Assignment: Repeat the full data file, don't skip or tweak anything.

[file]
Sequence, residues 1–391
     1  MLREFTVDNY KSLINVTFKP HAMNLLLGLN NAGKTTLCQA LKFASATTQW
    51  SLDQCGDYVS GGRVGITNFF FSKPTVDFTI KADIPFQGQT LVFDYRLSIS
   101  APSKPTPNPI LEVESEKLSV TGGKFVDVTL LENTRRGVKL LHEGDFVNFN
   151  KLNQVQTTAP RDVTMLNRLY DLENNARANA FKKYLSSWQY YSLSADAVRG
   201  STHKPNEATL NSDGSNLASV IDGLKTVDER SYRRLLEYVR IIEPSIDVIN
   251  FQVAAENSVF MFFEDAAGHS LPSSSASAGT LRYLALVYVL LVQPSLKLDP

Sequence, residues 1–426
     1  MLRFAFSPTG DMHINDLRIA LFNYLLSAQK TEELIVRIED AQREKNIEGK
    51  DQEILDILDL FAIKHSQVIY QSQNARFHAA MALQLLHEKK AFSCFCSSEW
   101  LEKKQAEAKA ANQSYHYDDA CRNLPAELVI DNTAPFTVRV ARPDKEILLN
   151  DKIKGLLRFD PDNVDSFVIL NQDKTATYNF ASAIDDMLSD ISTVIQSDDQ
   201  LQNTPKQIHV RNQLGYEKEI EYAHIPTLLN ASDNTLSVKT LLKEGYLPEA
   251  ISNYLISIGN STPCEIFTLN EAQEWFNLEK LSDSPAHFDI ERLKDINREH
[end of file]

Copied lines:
Sequence, residues 1–391
     1  MLREFTVDNY KSLINVTFKP HAMNLLLGLN NAGKTTLCQA LKFASATTQW
    51  SLDQCGDYVS GGRVGITNFF FSKPTVDFTI KADIPFQGQT LVFDYRLSIS
   101  APSKPTPNPI LEVESEKLSV TGGKFVDVTL LENTRRGVKL LHEGDFVNFN
   151  KLNQVQTTAP RDVTMLNRLY DLENNARANA FKKYLSSWQY YSLSADAVRG
   201  STHKPNEATL NSDGSNLASV IDGLKTVDER SYRRLLEYVR IIEPSIDVIN
   251  FQVAAENSVF MFFEDAAGHS LPSSSASAGT LRYLALVYVL LVQPSLKLDP

Sequence, residues 1–426
     1  MLRFAFSPTG DMHINDLRIA LFNYLLSAQK TEELIVRIED AQREKNIEGK
    51  DQEILDILDL FAIKHSQVIY QSQNARFHAA MALQLLHEKK AFSCFCSSEW
   101  LEKKQAEAKA ANQSYHYDDA CRNLPAELVI DNTAPFTVRV ARPDKEILLN
   151  DKIKGLLRFD PDNVDSFVIL NQDKTATYNF ASAIDDMLSD ISTVIQSDDQ
   201  LQNTPKQIHV RNQLGYEKEI EYAHIPTLLN ASDNTLSVKT LLKEGYLPEA
   251  ISNYLISIGN STPCEIFTLN EAQEWFNLEK LSDSPAHFDI ERLKDINREH